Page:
The Apple Pay announcement finally came yesterday and the company’s orchestration of much of the complex and fractious card payments ecosystem demonstrates Apple’s insight into how the current payments ecosystem works and how it must be aligned in order to meet its own needs. Combining NFC, Apple’s Passbook wallet, Touch ID biometric reader, cards stored in the iTunes account, and a stronger security model, Apple Pay could give the NFC “tap and pay” gesture a reinvigorated future.
Looked at it from the payment context alone, Apple Pay does not do a great deal more than what Softcard/Isis and Google Wallet have already achieved. But the combination of Apple’s design focus and its assumption of a reasonably non-threatening role within the payments ecosystem should make a difference.
The timing could be very good for both NFC and EMV adoption. Merchants are looking at the EMV liability shift date of October next year and are considering whether or not to turn on the NFC / contactless capability in those readers. While it will take a couple of years for the iPhone user base to upgrade to the company’s Apple Pay capable models, merchant will not have to take another leap of faith that contactless capable customers will show up at their door this time. Apple states there are (only) 220,000 NFC capable merchant locations. That’s not a lot. But if Apple Pay catches on, more merchants should add contactless acceptance. This could already be underway. A good re-start for NFC.
Apple Pay should also encourage issuers to get on with their evaluation of host card emulation for their Android using customers. The HCE model of using the NFC radio to manage communication between a handset and a terminal while pulling payment credentials from the cloud is neither improved or discredited by the Apple approach. It’s just a different model. Issuers will have plenty of customers using Android phones and HCE will be their route to that installed base. Issuers wanting to play with Apple Pay have to do it Apple’s Way.
Apple Pay is also a strong initial use case for the tokenization services now coming to market from Visa and MasterCard. Removal of live PANs from the payment network is imperative. Amid all the Apple Pay excitement, it’s easy to forget that the Home Depot data breach could be as large or larger than Target’s (breach fatigue anyone?) These new tokens require token-specific BIN ranges for proper routing and how easily that will work at scale, beyond the early adopters, remains in question because of the likely BIN range reallocation that will be required. Still, a good start for network-level tokenization.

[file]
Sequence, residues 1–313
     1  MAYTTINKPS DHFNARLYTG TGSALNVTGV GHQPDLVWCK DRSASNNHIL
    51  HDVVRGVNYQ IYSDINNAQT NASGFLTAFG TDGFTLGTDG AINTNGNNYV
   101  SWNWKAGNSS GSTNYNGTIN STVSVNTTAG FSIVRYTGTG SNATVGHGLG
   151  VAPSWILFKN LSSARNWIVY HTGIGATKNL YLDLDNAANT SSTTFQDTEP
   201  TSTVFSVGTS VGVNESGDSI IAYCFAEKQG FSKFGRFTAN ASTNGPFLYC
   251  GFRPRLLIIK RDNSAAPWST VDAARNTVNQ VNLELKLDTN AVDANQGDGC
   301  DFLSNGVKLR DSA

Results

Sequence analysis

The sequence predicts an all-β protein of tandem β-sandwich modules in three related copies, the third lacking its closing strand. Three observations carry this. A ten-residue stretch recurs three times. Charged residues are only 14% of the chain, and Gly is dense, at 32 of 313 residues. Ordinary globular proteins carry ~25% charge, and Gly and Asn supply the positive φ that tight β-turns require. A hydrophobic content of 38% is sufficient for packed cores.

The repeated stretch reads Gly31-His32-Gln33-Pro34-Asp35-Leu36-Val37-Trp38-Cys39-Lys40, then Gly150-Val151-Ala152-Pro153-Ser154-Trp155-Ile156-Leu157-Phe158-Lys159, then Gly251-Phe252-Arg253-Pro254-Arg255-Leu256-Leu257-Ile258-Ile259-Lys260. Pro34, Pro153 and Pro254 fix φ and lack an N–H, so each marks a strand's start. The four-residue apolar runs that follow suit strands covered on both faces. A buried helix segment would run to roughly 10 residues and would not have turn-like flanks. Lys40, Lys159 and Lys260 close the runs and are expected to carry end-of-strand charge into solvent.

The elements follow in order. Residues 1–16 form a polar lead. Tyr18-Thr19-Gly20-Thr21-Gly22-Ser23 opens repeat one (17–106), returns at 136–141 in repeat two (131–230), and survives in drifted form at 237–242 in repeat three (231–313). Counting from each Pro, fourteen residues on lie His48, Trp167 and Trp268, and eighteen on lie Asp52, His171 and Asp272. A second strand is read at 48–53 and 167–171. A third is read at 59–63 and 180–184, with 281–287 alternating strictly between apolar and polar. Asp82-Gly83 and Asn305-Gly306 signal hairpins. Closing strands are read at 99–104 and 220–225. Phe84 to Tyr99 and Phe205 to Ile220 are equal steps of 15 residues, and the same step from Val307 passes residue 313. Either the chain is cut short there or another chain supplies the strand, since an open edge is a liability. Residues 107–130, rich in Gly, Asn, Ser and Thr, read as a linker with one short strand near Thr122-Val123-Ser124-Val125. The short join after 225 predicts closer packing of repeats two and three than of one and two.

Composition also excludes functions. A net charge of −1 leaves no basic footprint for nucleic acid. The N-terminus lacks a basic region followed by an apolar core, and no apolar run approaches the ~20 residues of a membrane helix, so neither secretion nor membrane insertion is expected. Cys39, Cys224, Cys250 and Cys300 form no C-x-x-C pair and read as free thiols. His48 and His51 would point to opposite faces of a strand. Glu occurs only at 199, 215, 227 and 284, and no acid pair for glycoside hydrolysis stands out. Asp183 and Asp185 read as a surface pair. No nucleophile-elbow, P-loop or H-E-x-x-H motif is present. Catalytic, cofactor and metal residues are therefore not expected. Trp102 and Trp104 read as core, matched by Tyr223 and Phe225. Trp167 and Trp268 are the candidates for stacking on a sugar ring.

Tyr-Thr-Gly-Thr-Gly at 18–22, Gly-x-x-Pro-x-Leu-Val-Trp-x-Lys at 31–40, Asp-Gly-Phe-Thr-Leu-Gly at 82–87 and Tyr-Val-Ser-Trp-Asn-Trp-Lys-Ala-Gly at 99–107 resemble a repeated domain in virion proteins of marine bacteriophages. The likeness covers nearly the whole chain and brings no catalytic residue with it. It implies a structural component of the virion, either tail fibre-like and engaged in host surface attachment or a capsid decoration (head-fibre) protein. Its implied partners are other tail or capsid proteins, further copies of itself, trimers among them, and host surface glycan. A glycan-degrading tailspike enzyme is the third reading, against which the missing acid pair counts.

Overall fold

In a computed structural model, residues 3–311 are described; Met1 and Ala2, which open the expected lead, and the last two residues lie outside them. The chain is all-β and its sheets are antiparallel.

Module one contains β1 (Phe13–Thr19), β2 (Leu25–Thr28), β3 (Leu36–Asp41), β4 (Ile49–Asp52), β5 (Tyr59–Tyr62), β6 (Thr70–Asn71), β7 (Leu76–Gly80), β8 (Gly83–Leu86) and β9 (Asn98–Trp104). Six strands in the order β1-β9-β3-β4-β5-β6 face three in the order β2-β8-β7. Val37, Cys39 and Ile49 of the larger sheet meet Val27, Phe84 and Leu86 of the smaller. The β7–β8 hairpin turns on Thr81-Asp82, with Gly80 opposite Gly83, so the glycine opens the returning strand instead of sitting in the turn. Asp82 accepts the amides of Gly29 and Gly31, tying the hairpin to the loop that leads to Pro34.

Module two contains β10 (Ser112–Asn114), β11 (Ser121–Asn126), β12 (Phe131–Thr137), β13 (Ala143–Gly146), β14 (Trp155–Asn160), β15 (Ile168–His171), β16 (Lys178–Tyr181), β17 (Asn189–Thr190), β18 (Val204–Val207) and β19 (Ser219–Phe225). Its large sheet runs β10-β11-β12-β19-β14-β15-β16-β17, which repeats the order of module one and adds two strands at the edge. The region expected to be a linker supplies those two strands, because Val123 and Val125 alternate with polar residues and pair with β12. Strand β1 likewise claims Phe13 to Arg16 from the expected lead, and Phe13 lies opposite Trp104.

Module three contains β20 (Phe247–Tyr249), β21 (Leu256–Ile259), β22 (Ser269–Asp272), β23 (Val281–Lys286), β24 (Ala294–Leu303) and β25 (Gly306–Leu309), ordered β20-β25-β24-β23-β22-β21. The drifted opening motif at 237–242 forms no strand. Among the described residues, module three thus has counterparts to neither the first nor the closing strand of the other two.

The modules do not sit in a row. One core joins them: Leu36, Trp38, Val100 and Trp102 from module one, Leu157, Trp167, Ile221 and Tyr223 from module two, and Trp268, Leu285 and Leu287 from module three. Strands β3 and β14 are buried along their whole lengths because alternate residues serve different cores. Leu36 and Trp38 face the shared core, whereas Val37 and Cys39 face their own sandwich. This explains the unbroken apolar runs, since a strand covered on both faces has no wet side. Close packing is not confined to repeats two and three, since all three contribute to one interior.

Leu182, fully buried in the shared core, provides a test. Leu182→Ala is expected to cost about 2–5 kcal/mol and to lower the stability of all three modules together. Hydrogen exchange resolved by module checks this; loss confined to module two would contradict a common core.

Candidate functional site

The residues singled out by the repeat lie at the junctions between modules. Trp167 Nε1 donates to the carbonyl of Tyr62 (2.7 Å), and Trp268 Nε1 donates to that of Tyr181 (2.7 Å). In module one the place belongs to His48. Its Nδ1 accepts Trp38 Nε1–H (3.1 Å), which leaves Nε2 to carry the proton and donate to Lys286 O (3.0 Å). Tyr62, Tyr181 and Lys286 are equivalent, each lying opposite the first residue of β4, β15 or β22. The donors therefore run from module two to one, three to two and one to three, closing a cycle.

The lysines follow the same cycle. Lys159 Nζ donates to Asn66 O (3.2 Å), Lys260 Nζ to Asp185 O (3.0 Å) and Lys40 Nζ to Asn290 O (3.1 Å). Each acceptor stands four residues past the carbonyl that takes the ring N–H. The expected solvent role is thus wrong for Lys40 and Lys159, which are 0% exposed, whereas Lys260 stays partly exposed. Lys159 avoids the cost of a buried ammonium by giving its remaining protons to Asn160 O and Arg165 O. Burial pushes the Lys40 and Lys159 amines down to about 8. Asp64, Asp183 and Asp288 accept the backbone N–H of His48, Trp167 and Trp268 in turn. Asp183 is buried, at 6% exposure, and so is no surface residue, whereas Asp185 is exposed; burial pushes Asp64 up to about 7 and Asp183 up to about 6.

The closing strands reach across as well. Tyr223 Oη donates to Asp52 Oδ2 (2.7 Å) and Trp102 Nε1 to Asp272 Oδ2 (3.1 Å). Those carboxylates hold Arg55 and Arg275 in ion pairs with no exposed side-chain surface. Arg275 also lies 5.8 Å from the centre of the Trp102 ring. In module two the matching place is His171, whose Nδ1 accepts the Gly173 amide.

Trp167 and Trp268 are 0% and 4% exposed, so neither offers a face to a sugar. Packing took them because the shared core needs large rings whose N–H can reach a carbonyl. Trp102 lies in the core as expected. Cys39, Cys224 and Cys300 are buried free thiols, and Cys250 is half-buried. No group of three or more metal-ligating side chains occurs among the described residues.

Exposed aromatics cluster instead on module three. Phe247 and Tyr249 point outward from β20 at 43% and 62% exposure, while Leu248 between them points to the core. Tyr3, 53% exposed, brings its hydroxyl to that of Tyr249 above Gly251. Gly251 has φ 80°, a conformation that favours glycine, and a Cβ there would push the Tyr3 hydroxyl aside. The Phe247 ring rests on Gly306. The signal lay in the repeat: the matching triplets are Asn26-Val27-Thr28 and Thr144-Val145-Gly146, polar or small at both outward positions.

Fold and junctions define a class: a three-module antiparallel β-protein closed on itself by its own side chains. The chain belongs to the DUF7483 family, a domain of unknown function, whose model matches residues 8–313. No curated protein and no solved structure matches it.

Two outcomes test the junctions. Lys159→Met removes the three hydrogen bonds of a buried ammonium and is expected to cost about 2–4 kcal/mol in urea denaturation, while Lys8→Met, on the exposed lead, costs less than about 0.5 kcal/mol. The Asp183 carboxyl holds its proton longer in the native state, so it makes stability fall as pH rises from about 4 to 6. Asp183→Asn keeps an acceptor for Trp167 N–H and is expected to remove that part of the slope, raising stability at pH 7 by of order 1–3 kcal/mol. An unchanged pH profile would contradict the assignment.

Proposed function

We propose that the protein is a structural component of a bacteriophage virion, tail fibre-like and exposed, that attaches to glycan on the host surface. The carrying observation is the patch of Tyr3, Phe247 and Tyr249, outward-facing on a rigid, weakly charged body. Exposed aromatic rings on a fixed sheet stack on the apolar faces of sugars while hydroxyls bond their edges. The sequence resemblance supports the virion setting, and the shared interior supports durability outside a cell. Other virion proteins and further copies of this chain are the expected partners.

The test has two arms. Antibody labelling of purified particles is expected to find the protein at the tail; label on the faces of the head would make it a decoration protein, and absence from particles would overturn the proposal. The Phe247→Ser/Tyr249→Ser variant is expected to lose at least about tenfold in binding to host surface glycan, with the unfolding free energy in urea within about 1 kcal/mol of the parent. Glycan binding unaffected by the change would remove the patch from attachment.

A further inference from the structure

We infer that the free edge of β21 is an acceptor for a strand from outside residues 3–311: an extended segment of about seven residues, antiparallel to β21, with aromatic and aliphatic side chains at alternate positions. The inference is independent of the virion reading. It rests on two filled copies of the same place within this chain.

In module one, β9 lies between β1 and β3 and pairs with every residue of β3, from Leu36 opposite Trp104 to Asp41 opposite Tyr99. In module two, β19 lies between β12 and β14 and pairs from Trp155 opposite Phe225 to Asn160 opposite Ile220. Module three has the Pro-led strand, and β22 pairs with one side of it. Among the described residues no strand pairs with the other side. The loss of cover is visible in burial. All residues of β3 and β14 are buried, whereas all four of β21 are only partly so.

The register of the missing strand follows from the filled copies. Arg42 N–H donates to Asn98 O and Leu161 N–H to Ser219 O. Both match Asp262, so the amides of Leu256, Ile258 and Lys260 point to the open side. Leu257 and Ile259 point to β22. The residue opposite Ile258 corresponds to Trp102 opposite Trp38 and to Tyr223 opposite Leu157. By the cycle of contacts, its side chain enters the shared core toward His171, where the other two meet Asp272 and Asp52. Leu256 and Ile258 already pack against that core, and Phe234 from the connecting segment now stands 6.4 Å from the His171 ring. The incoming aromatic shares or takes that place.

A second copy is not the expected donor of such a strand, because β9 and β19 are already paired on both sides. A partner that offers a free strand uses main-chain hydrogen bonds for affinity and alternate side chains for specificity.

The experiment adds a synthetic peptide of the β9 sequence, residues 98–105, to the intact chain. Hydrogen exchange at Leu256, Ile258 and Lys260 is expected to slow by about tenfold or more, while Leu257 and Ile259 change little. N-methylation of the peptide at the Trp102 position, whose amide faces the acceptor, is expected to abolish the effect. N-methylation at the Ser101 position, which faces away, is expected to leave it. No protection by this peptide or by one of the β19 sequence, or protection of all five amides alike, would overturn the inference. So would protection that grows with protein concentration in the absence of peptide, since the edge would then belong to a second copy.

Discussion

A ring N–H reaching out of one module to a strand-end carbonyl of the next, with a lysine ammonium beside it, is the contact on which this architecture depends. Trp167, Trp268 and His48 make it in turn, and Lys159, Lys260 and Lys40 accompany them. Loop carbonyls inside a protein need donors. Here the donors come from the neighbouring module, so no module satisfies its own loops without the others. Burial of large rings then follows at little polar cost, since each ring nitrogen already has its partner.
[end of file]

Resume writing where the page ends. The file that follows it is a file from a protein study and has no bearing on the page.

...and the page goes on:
The Apple Pay announcement can’t be good news for Softpay, the NFC payment method (formerly known as Isis) that has had nothing but bad news for some time, starting with HCE’s arrival. Softpay issued a hasty blog post yesterday saying they are in dialog with Apple but it is hard to see how, to take on one issue, a Softpay wallet app could compete with a tightly integrated Passbook implementation. The litany of challenges for Softpay continues to grow.
We will be watching how MCX and its CurrentC wallet respond, or not, to Apple Pay. The Paydiant wallet on which the CurrentC wallet is based is not locked to a QR code based transaction initiation step. An NFC radio + Touch ID biometric + Apple Pay Device Account Number combination could provide strong credentials to pass to MCX for processing over its payment switch. If MCX connects with Apple, it could mean that MCX members will look at NFC in a whole new light. Some MCX members, like 7-Eleven, have been actively decommissioning their contactless footprint. Apple Pay may get them to turn it back on.
Plenty of questions remain about the Apple Pay network process flow, costs and more. We’ll be tracking and evaluating the Apple Pay impact, of course, and we look forward to assisting you with your payments strategy in this newly altered payments landscape.
This Payments Views post was written by Glenbrook’s George Peabody.